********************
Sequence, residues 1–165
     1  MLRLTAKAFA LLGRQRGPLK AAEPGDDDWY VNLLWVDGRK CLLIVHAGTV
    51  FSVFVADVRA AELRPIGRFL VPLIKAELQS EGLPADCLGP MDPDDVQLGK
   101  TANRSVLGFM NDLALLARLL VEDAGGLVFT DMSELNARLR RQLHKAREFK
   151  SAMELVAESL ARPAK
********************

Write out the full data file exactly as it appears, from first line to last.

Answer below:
Sequence, residues 1–165
     1  MLRLTAKAFA LLGRQRGPLK AAEPGDDDWY VNLLWVDGRK CLLIVHAGTV
    51  FSVFVADVRA AELRPIGRFL VPLIKAELQS EGLPADCLGP MDPDDVQLGK
   101  TANRSVLGFM NDLALLARLL VEDAGGLVFT DMSELNARLR RQLHKAREFK
   151  SAMELVAESL ARPAK